Freelance writer Ron Becom spent five days backpacking with an old college friend on Michigan's rugged Isle Royale in early August.

Freelance writer Ron Becom spent five days backpacking with an old college friend on Michigan’s rugged Isle Royale in early August.

I’ll start with the summary. Isle Royale, an island in the far northwest corner of Lake Superior, is a picturesque and picturesque place.

This note for Michigan’s only national park came after I completed a five-day hiking/backpacking adventure in early August with an old college friend, Ray Skowronski. He’s a retired high school science teacher from Maryland, and he’s originally from Saginaw. We met in the cafeteria during our first week as students at Northern Michigan University at Marquette in August 1978.

I offered to take this trip to Ray in February 2021 after watching a park ranger give an online presentation on the topic to the Midland Rotary Club.

We boarded the Isle Royale Queen IV, a 100-foot boat, at her berth in Copper Harbor at the top of the Keweenaw Peninsula early on Sunday morning, July 31. We had booked a round trip last December. The cost was $150 per person. The trail covers 54 miles one way and takes three and a half hours. Captain Ben told us that the water temperature in the middle of the lake was 40 degrees, so if you’re planning to go out on the boat deck, you’d better pool.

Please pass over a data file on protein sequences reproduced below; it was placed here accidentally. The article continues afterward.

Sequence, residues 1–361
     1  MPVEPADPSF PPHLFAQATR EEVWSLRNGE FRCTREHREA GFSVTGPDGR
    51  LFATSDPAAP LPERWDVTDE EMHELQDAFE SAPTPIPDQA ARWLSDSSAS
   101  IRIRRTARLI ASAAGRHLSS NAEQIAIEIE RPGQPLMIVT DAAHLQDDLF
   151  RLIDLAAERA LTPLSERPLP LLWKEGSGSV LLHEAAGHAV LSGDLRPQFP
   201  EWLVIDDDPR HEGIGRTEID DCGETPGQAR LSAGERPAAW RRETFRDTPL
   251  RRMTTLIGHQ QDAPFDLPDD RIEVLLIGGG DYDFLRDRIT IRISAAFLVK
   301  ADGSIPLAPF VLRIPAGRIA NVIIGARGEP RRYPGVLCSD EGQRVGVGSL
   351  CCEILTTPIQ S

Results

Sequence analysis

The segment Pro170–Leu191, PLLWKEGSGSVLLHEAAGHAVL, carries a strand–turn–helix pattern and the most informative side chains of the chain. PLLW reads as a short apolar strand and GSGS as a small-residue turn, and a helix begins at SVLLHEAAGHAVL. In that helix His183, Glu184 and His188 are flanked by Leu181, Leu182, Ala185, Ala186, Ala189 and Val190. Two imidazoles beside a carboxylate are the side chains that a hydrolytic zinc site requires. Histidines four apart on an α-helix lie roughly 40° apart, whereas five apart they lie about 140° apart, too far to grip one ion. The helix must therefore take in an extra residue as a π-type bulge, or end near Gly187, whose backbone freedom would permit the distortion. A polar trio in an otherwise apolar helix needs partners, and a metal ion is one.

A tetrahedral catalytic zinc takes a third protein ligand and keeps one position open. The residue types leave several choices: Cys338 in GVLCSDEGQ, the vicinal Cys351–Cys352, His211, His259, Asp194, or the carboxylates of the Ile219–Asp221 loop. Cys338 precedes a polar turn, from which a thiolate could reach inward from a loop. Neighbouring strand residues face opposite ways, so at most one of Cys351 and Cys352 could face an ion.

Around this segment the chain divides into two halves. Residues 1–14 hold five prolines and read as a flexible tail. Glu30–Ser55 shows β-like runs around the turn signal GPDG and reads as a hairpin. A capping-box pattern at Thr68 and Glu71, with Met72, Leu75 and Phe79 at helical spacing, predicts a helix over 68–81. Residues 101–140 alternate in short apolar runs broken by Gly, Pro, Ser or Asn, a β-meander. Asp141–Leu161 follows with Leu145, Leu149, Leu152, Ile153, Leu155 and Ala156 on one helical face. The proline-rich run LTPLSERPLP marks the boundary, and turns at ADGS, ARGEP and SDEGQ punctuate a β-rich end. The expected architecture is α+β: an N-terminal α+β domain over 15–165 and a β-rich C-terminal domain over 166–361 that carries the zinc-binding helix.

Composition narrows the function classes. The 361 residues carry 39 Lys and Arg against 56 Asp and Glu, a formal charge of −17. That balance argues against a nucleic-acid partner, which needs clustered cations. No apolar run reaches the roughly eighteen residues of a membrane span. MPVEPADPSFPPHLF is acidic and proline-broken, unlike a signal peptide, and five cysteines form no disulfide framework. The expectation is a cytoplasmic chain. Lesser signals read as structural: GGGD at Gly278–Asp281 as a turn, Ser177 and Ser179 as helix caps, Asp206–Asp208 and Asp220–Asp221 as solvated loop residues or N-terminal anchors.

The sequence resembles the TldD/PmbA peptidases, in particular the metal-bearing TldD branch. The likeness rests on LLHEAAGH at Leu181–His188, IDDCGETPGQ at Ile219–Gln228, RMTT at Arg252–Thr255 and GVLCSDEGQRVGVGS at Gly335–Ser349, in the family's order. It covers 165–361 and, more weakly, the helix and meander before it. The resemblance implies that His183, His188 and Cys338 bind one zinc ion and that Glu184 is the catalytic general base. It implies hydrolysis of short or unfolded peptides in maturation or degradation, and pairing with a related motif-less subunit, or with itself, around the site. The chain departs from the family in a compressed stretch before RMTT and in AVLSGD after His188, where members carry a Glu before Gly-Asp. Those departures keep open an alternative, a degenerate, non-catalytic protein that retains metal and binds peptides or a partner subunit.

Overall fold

We rode on the main deck in the front section just behind the pilot’s house, and shared a booth with a retired couple from Arizona and a family from central Oxford. Ray and I took Dramamine in hopes of preventing seasickness.

We had a smooth ride with less than two feet of waves. Cell phone reception faded and then died. As we approached Isle Royale, which is 44 miles from southwest to northeast, and nine miles wide, we could see the rocky coast and what I call its horizon, the jagged outlines of large fir and spruce trees.

Our port of entry was Rock Harbor, located on the northeastern tip. Isle Royale is the largest land mass in an archipelago made up of 400 islands. As we approached, the Rock Harbor Lodge popped up along the water’s edge. It is a 60-room inn operated by the US National Park Service. They also rent 20 cottages.

Isle Royale is the least visited national park in the contiguous 48 states, with just over 20,000 visitors in 2021. But we’ve heard more than one person report that it’s also the national park with the highest percentage of people returning for a second visit.